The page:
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The New Spirituality by
Publication Date: 2007-06-15
Much attention has been given in recent writings about religion to fundamentalism and the 'religious right'. But much less attention has been given to their opposite - the emergence of a new generation of progressive religious thinkers and organisations on the 'religious left'. The New Spirituality is one of the first books to give a comprehensive and authoritative account of this burgeoning progressive religious movement. It offers a clear and engaging analysis of the cultural roots, key ideas and organisational structures of this new faith, assessing its significance in the changing moral and religious landscape of contemporary western society. Gordon Lynch argues that we are witnessing the rise of a new religious ideology which reveres the natural world, connects religious faith with novel scientific theories, and has a forward-looking agenda for society's transformation. Produced by one of Britain's leading writers on the changing patterns of modern religion, The New Spirituality will be essential reading for students attempting to understand the shape of religious belief in the twenty-first century.
Selling Spirituality by
Publication Date: 2004-03-01
From Feng Shui to holistic medicine, from aromatherapy candles to yoga weekends, spirituality is big business. It promises to soothe away the angst of modern living and to offer an antidote to shallow materialism. Selling Spiritualityis a short, sharp, attack on this fallacy. It shows how spirituality has in fact become a powerful commodity in the global marketplace - a cultural addiction that reflects orthodox politics, curbs self-expression and colonizes Eastern beliefs. Exposing how spirituality has today come to embody the privatization of religion in the modern West, Jeremy Carrette and Richard King reveal the people and brands who profit from this corporate hijack, and explore how spirituality can be reclaimed as a means of resistance to capitalism and its deceptions.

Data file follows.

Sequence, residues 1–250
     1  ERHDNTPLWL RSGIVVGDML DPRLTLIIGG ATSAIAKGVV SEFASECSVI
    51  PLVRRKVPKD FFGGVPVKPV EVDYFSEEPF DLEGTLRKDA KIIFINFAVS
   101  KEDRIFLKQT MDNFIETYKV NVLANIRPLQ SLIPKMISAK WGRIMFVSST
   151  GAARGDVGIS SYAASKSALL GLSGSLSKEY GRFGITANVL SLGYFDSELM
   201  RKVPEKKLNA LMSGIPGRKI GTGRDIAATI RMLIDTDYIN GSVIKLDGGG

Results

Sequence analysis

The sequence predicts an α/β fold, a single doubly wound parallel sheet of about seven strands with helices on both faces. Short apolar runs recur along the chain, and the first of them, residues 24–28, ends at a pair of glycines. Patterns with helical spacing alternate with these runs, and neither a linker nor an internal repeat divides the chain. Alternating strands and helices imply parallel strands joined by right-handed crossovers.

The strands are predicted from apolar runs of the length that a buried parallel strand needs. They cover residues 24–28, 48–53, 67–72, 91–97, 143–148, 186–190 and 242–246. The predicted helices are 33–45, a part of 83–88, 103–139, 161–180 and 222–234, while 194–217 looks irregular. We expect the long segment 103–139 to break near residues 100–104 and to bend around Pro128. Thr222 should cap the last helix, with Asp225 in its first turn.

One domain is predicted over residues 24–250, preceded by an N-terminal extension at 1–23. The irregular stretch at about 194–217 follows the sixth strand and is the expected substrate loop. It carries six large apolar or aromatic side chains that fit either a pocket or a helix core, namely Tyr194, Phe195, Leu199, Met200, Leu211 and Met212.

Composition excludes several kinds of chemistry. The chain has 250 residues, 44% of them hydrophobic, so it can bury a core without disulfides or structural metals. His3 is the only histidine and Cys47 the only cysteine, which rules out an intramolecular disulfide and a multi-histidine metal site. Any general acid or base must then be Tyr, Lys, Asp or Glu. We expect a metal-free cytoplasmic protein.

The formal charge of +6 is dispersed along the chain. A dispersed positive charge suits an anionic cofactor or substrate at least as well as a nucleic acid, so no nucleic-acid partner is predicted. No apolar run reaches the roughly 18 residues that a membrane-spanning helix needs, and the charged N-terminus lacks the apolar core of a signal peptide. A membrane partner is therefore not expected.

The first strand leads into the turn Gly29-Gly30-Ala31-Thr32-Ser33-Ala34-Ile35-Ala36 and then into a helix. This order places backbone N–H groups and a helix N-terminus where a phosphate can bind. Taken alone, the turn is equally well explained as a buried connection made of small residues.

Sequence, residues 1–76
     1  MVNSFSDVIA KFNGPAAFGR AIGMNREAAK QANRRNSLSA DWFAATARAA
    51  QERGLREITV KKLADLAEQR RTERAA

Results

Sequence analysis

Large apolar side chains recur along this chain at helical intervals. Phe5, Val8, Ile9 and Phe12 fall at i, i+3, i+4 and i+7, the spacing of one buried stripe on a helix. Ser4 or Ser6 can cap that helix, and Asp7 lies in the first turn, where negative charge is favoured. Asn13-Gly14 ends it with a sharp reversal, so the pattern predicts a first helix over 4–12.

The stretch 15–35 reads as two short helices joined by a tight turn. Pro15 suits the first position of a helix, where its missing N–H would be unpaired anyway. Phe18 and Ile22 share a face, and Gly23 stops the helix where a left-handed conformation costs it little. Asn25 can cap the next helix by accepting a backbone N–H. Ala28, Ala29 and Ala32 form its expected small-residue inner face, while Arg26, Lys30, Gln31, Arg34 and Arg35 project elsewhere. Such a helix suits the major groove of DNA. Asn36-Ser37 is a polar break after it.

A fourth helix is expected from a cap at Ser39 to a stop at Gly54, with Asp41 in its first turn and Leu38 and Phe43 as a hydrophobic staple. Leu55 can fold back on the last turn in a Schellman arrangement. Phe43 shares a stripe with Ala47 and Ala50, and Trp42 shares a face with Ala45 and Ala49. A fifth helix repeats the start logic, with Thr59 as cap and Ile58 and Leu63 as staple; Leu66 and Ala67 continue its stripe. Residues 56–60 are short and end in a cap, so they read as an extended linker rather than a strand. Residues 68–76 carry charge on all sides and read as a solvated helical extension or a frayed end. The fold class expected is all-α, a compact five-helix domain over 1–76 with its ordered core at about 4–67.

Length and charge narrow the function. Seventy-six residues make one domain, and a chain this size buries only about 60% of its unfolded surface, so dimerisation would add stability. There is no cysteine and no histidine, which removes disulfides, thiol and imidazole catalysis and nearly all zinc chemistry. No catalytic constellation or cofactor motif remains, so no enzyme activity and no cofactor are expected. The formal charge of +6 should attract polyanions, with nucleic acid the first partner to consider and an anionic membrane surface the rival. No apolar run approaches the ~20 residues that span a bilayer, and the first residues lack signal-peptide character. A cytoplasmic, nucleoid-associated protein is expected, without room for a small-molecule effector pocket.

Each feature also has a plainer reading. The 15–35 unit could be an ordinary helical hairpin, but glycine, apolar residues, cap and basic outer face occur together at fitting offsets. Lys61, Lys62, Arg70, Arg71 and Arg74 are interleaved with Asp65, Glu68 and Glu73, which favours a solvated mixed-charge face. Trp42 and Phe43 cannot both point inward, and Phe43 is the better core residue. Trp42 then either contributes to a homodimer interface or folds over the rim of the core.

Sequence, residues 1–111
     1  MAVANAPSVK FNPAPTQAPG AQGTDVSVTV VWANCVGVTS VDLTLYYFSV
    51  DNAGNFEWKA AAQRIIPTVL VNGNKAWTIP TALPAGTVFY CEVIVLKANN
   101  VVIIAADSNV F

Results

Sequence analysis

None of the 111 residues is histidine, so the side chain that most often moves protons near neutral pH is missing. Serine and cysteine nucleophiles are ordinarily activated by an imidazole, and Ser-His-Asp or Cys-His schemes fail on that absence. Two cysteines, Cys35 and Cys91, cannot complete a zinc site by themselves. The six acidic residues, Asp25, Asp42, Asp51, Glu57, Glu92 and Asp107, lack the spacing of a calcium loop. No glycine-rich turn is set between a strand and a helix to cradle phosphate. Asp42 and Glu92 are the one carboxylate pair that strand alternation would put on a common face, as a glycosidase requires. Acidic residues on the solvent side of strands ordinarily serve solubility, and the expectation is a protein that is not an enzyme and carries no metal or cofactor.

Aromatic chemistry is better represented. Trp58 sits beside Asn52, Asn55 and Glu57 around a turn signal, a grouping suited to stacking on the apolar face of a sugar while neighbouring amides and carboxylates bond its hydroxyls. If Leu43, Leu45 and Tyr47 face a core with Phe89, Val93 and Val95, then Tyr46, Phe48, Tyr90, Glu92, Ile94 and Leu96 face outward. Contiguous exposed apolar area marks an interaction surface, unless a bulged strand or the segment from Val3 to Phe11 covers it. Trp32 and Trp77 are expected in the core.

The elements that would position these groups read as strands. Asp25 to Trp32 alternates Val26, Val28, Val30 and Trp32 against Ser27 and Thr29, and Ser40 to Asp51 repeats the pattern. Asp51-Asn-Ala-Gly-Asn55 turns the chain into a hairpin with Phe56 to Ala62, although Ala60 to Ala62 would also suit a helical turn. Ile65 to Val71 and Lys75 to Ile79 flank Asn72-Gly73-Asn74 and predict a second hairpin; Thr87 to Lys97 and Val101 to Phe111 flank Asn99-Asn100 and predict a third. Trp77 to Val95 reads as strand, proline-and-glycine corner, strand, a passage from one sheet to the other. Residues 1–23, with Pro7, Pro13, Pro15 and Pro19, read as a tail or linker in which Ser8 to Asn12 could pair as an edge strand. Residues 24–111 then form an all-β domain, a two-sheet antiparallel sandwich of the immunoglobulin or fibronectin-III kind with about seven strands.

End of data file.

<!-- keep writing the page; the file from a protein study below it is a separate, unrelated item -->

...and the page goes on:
Publication Date: 2014-01-01
'Spirituality' is a word that is used increasingly these days yet it is often ill-defined. What exactly is spirituality? Is it distinct from religion and can we separate it from beliefs and traditions? Does spirituality mainly focus on spiritual experiences and practices or is it something more? This book suggests that, while there may be common features in the use of the word, 'spirituality' is not a single reality. Different 'spiritualities' reflect particular religious or philosophical viewpoints, as well as the cultural contexts in which they arise and develop. "Spirituality: A Guide for the Perplexed" provides students and general readers with a reliable and comprehensive guide to 'spirituality' as an area of study, religiously, historically, philosophically and in the social sciences. It explores the tools that are used to study the subject and to interpret spiritual classics (whether these are written texts or other forms such as art) from different times and cultures. Attention is paid to spirituality in a variety of religious and non-religious forms in their own terms and comparatively. However, for the sake of simplicity greatest attention is given to the study of spirituality within a religious perspective with illustrations drawn from texts, personalities and themes associated with five major world religions, Judaism, Christianity, Islam, Hinduism and Buddhism. The book concludes with an exploration of spirituality in contemporary perspective - in particular how spirituality is currently employed in areas such as health-care, education and business among other examples.